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Tucson Shooting And Mental Health Cuts In 2011 Texas Legislative Session

A view of the Capitol dome from inside the Capitol building.
Image by KUT
A view of the Capitol dome from inside the Capitol building.

The first wave of political rhetoric to follow Saturday's shooting in Tucson, Arizona speculated on whether Jared Loughner was influenced by far right extremism or socialist dogma. In reality, it is likely that neither is true.    

The next round of political discussion is focusing on the state of mental health care in America, and whether more of it could have averted such a tragedy.  Arizona reduced mental health spending by 37 percent in 2010, or $36 million, according to Stateline. As KUT reported last week, mental health workers in Texas are bracing for $128 million in cuts they anticipate as the state legislature tries to close a budget gap of between $15 billion and $27 billion.

Multiple reports have characterized Loughner as an obviously troubled individual who fell through the mental health cracks in a state with some of the lowest spending on mental health services in the country.

Today, the Fort Worth Star-Telegram draws a line from Tucson to Austin in quoting the Texas Medical Association on the proposed budget cuts for Texas mental health services.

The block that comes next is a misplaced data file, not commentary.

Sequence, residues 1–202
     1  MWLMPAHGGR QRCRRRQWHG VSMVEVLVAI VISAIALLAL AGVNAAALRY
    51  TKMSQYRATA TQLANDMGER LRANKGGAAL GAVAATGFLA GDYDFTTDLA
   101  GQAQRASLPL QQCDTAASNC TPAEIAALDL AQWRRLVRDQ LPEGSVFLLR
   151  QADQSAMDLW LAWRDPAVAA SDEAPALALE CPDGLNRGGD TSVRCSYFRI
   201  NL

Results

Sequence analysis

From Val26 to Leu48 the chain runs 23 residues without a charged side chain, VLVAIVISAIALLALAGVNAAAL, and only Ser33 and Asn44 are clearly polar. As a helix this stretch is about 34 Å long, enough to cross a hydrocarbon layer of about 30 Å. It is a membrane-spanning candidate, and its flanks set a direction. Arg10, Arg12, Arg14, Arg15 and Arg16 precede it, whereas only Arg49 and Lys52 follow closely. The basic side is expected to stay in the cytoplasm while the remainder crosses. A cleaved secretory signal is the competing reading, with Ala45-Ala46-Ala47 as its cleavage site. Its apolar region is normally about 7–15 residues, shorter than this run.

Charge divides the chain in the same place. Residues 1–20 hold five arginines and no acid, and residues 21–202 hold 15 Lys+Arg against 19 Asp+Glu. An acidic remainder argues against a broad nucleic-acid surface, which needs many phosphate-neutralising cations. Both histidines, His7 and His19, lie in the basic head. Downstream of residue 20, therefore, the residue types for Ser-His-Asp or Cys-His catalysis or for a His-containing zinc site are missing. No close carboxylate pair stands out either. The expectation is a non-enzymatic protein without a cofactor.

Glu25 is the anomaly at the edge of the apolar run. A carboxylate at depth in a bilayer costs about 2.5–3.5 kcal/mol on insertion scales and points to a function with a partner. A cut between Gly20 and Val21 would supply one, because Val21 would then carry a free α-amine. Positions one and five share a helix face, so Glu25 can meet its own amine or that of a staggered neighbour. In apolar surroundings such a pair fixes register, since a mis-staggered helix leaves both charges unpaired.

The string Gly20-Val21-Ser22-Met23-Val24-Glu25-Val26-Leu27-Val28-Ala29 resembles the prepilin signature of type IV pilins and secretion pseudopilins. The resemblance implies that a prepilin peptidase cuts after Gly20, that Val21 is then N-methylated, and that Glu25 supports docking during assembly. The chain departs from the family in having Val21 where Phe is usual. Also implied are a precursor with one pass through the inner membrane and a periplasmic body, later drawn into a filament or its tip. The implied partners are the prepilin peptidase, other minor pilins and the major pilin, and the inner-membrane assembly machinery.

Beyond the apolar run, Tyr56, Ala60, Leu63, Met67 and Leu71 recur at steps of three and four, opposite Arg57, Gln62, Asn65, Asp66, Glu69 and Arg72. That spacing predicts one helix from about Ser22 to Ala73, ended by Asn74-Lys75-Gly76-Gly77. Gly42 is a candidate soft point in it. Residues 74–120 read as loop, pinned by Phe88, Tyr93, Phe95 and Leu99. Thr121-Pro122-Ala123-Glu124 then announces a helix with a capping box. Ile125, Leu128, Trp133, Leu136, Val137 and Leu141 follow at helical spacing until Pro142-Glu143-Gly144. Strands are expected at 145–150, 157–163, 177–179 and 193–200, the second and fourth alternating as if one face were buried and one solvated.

"It's an under-served population, and sadly, lately, we've seen all too tragically how improper treatment of those with chronic mental health problems can have a devastating effect on a community," said Texas Medical Association President Susan R. Bailey. ….. Texas, which ranks 49th in the nation for the amount it spends per person for mental health, is already at bare bones, Bailey said. "Any further cuts will have potentially catastrophic effects," she said.

The Wichita Falls Times Record News ran an op-ed today arguing how the Loughner shooting highlights the need for greater investment in mental health care.

In Texas and almost every other state, mental health program budgets have been cut and recut to the point that law enforcement agencies are warning legislators of consequences in increased crime and cost to incarcerate those who would have otherwise benefitted from timely, less expensive MHMR services.

This discussion is being picked up in national media too. Here is a sample.

Nathan Bernier is the transportation reporter at KUT. He covers the big projects that are reshaping how we get around Austin, like the I-35 overhaul, the airport's rapid growth and the multibillion-dollar transit expansion Project Connect. He also focuses on the daily changes that affect how we walk, bike and drive around the city. Got a tip? Email him at Follow him on X @KUTnathan.
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